OPINION BUKIDNON VIEWS: Flood survivors need psychological attention, too By Lourdes G. dela Torre

The Tamay Lang Foundation and La Vina General Hospital went to CDO on December 23, 2011 to distribute relief goods to victims of tropical storm Sendong in Balulang, specifically, in the  NHA Phase I.

With the assistance of some personnel from the City Social Welfare and Development Office, we distributed more or less 250 relief packs to flood survivors whose houses, if still there, were still covered with mud and have nowhere to get their food and other needs.

We arrived by noon after moving from Macasandig multipurpose hall where we have observed that several groups have already distributed relief goods.

With a short notice from our group from Valencia City, residents immediately gathered in front of the small community stage.  We also came with two doctors who conducted a medical check-up. They were assisted by several nurses in the medical mission. Also, the water tanker from Valencia Water District gave potable water.

Those who received the packs consisting of mats, blankets, slippers, clothing, rice, canned goods, flashlights and bottles of water expressed gratefulness for the assistance.
People queued to get a share of what was intended for them.  They patiently waited for their turn as volunteers opened sacks of relief goods.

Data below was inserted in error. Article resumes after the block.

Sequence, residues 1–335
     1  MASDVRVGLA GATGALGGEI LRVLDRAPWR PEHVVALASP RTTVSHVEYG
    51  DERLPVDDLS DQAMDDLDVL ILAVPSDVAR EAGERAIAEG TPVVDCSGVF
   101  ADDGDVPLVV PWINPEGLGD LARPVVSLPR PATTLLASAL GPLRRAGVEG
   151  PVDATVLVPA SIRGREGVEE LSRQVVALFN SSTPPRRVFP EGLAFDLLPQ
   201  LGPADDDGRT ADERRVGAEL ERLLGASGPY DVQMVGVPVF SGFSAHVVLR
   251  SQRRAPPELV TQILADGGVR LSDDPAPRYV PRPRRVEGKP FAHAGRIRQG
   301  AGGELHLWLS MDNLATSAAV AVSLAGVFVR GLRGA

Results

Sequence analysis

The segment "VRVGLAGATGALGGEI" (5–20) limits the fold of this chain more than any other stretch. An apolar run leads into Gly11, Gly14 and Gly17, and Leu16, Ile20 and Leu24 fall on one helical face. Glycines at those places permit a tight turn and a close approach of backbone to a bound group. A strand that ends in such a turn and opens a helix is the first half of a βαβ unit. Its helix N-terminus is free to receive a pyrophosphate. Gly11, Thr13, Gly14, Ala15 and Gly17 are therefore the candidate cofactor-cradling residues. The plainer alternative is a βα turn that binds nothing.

But the survivors of the flood in NHA Phase 1 in Balulang appeared to be affected not only physically. We sensed they are also affected psychologically.

We could sense helplessness among them as basic utilities have yet to be restored.  We also saw that they were trying to recover and reclaim whatever was left behind.

While they were thankful they survived, in many of them one could sense confusion. The challenge now is how they can start again.

They have not been relocated to evacuations centers. Many of them returned to their houses. But for some of them, they feel they are no longer safe there.

As we talked to some of them, they expressed fear for their security. They feel that the floods may strike again anytime, even if they have not fully recovered yet from the tragedy.

Their eyes reflect gratitude. Yet, they convey a message of uncertainty. Aside from the loss of lives and property, the survivors may have been experiencing psychological trauma.

This is what one more thing concerned individuals and institutions must take into consideration.

Aside from the material goods that we give to address the immediate needs of the victims, we must also ask how else we can help them survive their psychological traumatic experiences.
(BUKIDNON VIEWS is the opinion section of Bukidnon News. Dr. Lourdes G. dela Torre is a researcher whose works have been presented in various national and international conferences. She has published books on Peace Education and Field Study. She is a consultant on community organizing and social and peace studies.)

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